New Video Reveals the Raw Power of Courage in Life (and Business)
No one is entitled to anything. Do the work. Love the hustle. Throw in some raw courage. Mix and serve. What role does courage play for the rest of us? (Muhammad Ali, Steve Jobs, Gary Vaynerchuk, Daymond John and Grant Cardone weigh in the role of courage at work and in life.)
Courage is one of those qualities we see amongst the best brands, the most inspiring business leaders, the most copied entrepreneurs and the most revered artists and creators.
“He who is not courageous enough to take risks will accomplish nothing in life.” Muhammad Ali
Today, there is too little courage in the world of business, education, the arts, entertainment and life in general.
Steve Jobs said it best with, “Don’t be trapped by dogma — which is living with the results of other people’s thinking. Don’t let the noise of others’ opinions drown out your own inner voice. And most important, have the courage to follow your heart and intuition.”
In place of courage are shallow understandings, quick one-liners, glib sound bites and superficial punch lines as much for brands as for people.
And not understanding why courage is important has forfeited our independence as a result — for without courage, one backs away from living life fully, all for a quick chance in the spotlight. Or a quick buck. Or some mediocre result.
Courage May be Independent But Never Alone
Dependence on anything outside ourselves is a weakness, not a source of power. (Just to be clear, I am talking dependence, that reliance upon some other thing or person for your power and ability, not to be confused with collaboration, teamwork or expecting someone to do their part in a collaborative effort. For example, alignment would not be dependence but is coordination, which is a good thing.)
One dictionary defines courage as, “the quality of mind or spirit that enables a person to face difficulty, danger, pain, etc., without fear; bravery.”
Some define the word as being brave in spite of fear or danger while others define courage as “bold and brave, unafraid to face tough challenges.”
Whether you’re afraid or not, courage comes down to this: what we choose to do.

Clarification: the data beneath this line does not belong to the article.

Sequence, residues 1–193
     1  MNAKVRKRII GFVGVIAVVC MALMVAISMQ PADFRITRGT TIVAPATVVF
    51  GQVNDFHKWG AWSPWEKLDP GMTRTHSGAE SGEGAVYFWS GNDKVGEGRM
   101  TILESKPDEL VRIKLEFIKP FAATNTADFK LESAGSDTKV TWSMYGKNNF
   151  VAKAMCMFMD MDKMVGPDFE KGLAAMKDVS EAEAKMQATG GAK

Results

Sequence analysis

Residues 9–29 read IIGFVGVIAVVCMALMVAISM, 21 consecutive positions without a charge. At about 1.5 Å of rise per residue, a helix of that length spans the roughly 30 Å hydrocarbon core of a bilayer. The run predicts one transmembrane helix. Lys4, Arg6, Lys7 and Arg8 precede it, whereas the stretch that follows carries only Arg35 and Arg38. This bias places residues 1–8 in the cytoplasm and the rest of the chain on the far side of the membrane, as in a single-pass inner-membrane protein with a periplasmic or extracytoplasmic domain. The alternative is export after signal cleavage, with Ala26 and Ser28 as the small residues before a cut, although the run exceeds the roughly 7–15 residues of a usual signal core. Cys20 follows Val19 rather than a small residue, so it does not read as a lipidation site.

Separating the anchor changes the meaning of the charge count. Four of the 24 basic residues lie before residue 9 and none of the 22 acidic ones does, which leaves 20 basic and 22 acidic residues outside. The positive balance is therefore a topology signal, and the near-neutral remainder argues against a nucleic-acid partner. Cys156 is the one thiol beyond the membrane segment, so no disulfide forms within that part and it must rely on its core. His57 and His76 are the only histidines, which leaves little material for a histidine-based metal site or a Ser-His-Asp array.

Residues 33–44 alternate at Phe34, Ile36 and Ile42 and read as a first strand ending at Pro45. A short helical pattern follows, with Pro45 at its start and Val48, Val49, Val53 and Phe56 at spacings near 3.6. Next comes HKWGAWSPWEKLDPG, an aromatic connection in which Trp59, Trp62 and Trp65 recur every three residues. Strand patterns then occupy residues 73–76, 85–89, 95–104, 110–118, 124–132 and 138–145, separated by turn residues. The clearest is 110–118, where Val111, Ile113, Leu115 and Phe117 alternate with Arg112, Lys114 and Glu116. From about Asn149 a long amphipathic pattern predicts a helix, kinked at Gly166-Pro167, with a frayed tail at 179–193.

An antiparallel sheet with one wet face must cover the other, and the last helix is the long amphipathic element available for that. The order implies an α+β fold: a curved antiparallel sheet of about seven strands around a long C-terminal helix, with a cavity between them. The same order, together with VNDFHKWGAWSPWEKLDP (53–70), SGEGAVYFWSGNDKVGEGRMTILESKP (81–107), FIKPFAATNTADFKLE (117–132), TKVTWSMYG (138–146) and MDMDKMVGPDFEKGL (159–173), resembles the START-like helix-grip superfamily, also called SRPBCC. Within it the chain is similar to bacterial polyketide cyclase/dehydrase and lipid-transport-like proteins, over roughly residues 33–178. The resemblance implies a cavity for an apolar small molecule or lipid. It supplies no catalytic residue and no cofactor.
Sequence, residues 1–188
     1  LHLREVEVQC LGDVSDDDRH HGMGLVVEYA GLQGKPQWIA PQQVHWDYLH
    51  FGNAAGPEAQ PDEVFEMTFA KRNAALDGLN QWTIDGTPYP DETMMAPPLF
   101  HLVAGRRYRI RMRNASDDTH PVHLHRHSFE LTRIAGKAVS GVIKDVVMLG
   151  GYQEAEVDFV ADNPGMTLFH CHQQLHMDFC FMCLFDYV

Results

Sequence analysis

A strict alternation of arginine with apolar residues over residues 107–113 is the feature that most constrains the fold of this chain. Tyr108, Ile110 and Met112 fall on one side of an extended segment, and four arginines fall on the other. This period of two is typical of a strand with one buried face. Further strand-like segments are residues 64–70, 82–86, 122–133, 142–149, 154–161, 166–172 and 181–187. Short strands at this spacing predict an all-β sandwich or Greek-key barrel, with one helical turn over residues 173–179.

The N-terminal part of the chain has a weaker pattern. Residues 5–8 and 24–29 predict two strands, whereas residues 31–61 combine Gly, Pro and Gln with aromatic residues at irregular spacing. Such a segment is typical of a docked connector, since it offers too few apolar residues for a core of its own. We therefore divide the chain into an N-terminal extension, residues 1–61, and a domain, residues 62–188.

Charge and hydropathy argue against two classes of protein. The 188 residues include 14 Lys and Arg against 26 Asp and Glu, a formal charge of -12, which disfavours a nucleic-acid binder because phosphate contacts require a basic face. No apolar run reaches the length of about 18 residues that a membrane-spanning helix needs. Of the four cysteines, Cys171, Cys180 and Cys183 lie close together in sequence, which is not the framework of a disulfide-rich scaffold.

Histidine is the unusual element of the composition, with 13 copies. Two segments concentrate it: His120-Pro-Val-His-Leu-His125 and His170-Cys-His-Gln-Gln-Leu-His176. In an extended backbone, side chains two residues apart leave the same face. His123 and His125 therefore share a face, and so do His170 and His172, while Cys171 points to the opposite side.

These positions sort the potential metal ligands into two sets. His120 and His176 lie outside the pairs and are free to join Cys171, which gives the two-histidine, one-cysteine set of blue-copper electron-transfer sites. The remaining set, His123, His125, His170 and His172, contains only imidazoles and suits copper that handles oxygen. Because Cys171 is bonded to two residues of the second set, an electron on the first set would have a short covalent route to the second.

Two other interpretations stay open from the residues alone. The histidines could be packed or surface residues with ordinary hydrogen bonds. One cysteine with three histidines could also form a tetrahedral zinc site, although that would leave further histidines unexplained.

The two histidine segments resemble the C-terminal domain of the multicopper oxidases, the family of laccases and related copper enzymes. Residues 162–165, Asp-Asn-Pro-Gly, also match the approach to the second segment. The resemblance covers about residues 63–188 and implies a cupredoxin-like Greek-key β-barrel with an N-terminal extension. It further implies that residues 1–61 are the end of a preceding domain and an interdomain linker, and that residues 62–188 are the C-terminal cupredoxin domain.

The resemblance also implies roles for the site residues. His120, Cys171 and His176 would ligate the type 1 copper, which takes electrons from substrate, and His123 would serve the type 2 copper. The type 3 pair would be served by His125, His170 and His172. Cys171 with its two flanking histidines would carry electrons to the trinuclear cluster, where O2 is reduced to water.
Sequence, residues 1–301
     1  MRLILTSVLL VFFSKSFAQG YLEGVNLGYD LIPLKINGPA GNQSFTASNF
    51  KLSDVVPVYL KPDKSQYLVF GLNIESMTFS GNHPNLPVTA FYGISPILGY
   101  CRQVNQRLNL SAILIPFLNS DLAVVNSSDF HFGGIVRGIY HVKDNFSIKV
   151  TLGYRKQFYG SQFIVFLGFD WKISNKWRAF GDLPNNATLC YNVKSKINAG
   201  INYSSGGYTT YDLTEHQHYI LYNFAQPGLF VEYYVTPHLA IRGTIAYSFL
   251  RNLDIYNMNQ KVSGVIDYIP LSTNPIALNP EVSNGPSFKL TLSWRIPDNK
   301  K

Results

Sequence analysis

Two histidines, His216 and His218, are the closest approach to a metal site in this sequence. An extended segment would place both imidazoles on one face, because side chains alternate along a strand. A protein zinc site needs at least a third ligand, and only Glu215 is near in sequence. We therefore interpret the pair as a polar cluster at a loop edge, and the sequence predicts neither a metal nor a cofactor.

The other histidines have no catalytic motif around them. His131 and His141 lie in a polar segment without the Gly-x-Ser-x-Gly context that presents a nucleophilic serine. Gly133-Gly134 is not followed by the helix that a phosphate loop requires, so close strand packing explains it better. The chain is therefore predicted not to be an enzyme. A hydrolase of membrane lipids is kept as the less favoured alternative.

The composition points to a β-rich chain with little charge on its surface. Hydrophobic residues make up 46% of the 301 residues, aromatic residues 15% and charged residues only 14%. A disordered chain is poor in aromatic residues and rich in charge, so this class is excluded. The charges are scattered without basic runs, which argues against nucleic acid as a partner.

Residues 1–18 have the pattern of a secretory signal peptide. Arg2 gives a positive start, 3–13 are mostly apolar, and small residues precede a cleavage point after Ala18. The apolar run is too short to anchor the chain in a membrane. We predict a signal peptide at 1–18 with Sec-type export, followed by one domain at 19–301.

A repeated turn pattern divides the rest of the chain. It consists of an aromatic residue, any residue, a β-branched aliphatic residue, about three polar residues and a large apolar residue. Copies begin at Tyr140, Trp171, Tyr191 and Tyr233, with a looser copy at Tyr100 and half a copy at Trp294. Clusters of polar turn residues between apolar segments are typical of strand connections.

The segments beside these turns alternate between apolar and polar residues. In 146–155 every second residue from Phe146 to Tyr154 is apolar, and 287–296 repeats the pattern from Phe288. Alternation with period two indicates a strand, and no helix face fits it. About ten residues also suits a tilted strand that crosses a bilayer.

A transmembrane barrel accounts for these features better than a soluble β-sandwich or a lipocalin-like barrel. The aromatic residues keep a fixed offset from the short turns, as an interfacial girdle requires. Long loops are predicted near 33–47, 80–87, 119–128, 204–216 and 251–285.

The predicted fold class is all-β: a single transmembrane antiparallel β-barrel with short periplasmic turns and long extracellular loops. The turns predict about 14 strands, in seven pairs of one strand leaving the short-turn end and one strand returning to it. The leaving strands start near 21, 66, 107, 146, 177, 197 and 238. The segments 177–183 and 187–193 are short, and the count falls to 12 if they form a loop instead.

NY Times bestselling author Grant Cardone wrote, “It’s been said that FEAR stands for False Events Appearing Real, which aptly implies that most of what you’re afraid of doesn’t ever come to pass. Fear, for the most part, is provoked by emotions, not rational thinking. And in my humble estimation, emotions are wildly overrated — and the scapegoat many people use for their failure to act.”
My friend, branding expert and NY Times bestselling author Daymond John summarized it this way, “If you aren’t living your dreams, then you’re living your fears.”
Courage is About the Future, Not the Past
It’s the pivotal difference between true courage and some inclination to simply fight anything that might be different: Courage isn’t about tackling some past fear or demon. It’s about making it possible for some future objective to arrive successfully.
Just ask the most successful, the most adventurous, the most “fearless” of us and they’ll tell you their “bravery” wasn’t about the past but about ensuring some future goal or dream could survive.
It’s what comprises the best of us. We see it in:
- the best artists,
- the best writers,
- the best entrepreneurs,
- the best leaders, and
- the best innovators.
It comes down to:
- The courage of our convictions.
- The courage to stand up against compromise.
- The courage to say no when it’s easier to say yes.
- The courage to challenge being satisfied with one’s achievements in light of even bigger future goals.
And the world progresses in direct ratio to the amount of courage we collectively display and act upon.
These were the thoughts and ideas I was engaged in last year after seeing more people feeling “entitled” and less people displaying the courage to take a stand for something worthwhile, do something possibly uncomfortable and withstand any opposition in order to get there.
Courage, Success and Action
NY Times bestselling author and serial entrepreneur Gary Vaynerchuk said, “You aren’t entitled to success.”
Fact is none of us are.
Unless we demand more of ourselves. And our colleagues. And business partners. And those we serve.
And wake up the next day all ready to do it all over again.
Bringing so much value to every interaction that it redefines our a new standard of expectation with every gesture we make professionally and personally.
My Most Personal Video
And this is what’s inspired me to write, narrate and create this video.
It’s the most personal video I’ve ever produced. (Surprisingly, my “What is Branding” and “What is innovation?” videos have collectively eclipsed 400K views on YouTube. This is the newest video to be added to the “What is…” series.)
It was easy to put on paper what I was thinking.
But it took some courage to capture the raw emotion of the message.
Because this message is a very personal communication.
If this video inspired you — helping to remind you to tap into and choose your courage in everything you do, then I ask only this: help me by sharing it around
No matter what you do: business, artistic, entrepreneurial, writing, entertaining or creating music.
Why does this matter to me?
It seems the world could use some more courage, now more than ever.
Originally published at www.risingabovethenoise.com